Grassroots cultural elite keeping ancient city traditions alive

pingyao travel guide

An old man in a traditional robe sits quietly behind an antique desk with his wife by the side. When a visitor arrives, he slowly takes out a piece of yellowish paper and writes a couple of artistic characters on it with a brush pen.

Fan Shaozu, 90, is writing checks in the building that was China’s first bank, Rishengchang, which was built in 1824 on a street in world heritage city Pingyao in north China’s Shanxi Province. His father, grandfather and great-grandfather were all bank managers.

The checks were written to show how banks worked in China centuries ago and no modern bank will cash them. But it is the work of Fan and others that is keeping alive the charm of the 2,700-year-old city.


Zhang Yuren, 72, a student of the renowned late Chinese artist Qi Baishi’s son, has a gallery on a street of Pingyao. His workshop is in the country’s only completely preserved ancient local government office from Ming and Qing dynasties (1368-1911).

Every morning, Zhang arrives at the gallery where he dons the hat and robe of an ancient official and later walks on the streets to his office.

“Ah, are you the county magistrate? ” one visitor asked curiously. And Zhang answered, “Yes, I am making my rounds to see if my people are happy.”

Zhang may be the lowest paid “county magistrate” in China with a wage of only 20 yuan (2.9 U.S. dollars) a day but he is very devoted to his job.

“I enjoy reading history in my leisure time to make my performance more realistic,” he said.

“I love the county magistrate. He is so funny, especially when he blends ancient stories with sarcasm and brings them to bear on modern problems, such as corruption and unemployment,” said local resident Wang Xing, “Sometimes I laugh so much that tears come into my eyes.”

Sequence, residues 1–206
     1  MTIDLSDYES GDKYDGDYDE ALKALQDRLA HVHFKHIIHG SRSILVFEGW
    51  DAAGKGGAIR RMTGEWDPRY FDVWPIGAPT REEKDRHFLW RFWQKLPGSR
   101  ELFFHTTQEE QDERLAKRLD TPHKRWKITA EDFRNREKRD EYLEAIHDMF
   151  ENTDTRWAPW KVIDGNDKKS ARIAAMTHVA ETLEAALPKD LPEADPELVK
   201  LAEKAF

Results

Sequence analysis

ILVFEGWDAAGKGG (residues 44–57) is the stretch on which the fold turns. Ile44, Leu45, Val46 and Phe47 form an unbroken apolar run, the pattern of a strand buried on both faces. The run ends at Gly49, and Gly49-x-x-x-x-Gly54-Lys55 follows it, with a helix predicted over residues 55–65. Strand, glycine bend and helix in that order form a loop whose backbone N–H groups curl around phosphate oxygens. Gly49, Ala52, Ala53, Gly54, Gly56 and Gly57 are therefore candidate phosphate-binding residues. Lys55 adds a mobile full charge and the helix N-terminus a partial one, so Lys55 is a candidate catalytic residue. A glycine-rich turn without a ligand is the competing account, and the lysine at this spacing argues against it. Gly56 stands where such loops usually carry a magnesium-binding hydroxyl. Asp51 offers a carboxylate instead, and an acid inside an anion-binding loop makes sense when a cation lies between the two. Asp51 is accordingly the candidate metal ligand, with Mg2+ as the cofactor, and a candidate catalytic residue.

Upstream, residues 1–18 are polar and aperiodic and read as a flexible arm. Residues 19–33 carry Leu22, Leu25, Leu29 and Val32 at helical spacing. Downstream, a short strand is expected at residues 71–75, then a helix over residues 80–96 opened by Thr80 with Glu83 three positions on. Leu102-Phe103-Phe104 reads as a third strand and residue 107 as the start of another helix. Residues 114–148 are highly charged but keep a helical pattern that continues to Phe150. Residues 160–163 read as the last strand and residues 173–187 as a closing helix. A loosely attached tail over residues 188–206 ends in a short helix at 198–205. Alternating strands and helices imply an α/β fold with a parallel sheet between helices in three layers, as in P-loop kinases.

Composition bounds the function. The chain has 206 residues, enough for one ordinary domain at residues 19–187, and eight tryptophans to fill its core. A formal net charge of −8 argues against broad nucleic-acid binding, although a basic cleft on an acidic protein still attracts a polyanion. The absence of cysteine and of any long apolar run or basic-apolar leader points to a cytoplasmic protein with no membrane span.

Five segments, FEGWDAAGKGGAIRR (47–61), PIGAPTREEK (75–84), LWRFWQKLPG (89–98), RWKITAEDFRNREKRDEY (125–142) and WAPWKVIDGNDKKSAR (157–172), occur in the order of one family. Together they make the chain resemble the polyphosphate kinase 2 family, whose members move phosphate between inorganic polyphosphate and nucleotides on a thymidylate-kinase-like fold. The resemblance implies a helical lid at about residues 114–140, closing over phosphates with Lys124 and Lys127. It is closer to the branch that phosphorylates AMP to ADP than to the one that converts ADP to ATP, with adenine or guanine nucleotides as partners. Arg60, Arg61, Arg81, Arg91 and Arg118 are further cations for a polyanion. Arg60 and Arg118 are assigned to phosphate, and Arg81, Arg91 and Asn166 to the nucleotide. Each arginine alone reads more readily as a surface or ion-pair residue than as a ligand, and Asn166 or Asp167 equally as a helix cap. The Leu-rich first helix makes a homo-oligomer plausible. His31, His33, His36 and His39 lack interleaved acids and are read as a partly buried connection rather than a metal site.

Zhang is also a kung fu master and has published one book on the martial art of cudgelling.


Paper-cutter Wen Tao, in her 40s, thought she was too shy to do business. “I could only dream about people coming for my works,” she said. But her dream came true.

The first time Wen set up a street stand was on the second day of the first Pingyao International Photography Festival. Shyness kept her home the first day.

“When I finally got to the street, I just buried my head in the stand and kept cutting.” Wen said.

Her business was bad until a foreigner came to her stand. As an antique shop owner helped her to bargain with the customer, Wen stood quietly by the side like a passerby.

“A hundred and twenty yuan.” Wen heard the price, she couldn’t believe it. Nor did her townsmen.

It became a legend. “A hundred and twenty yuan for a piece of paper, can you believe it? I can’t,” villagers said.

What they didn’t know was that Wen took a whole week to cut the artwork which was a meter long and 35 centimeters wide.

Wen inherited her workmanship from her family. The edges of her scissors, an heirloom from her grandmother, were worn by 15 cm. Wen’s small shop on the street is flooded by customers every day.

She has bought a laptop and a digital camera. “I take pictures while touring the country. They are my inspiration. ” Wen said. She is now better equipped but she still insists on cutting the papers with her own hands. Only now she has more patterns in mind.


After much hesitation, two customers ask Cheng Shuxian, owner of the Tianyuankui inn in which they are staying if he could lend them an antique table for their exhibition.

“Of course,” Cheng answered immediately, and then he asked, “do you need chairs?” Before they can answer, Cheng tells two inn workers to carry the table and chairs into his truck for transportation.

“Often customers find it embarrassing to ask for help. So we have to be considerate and proactive.” Cheng said.

The inn features age-old tradition. Cheng was an antique dealer. As it became increasingly difficult to collect real antiques, he turned his shop back into what it used to be 300 years ago: a small hotel of seven rooms. The furniture, vases, stone lions and calligraphy posters, which add to the inn’s charm, were all stock he collected as an antique dealer.

Cheng said he still remember the words of his first customer, a French gentleman. “Tradition is what attracts the customers while comfort is what keeps them.”

“Our Inn has accommodated many celebrities, including an Italian president, the Canadian ambassador to China and his wife, the Austrian ambassador to China and the wife of the U.S. ambassador to China,” said Cheng.

People in the 2.25-square-kilometer city are closely inter-related. Cheng, the home inn owner, is a colleague of paper-cutting master Wen’s younger brother; “county magistrate” Zhang is “banker” Fan’s neighbor and close friend; the mooncake vendor on the street may be a relative of the one selling hand-made shoes in the shop.

Their combined efforts have preserved the city and kept its traditions alive.

Source: Xinhua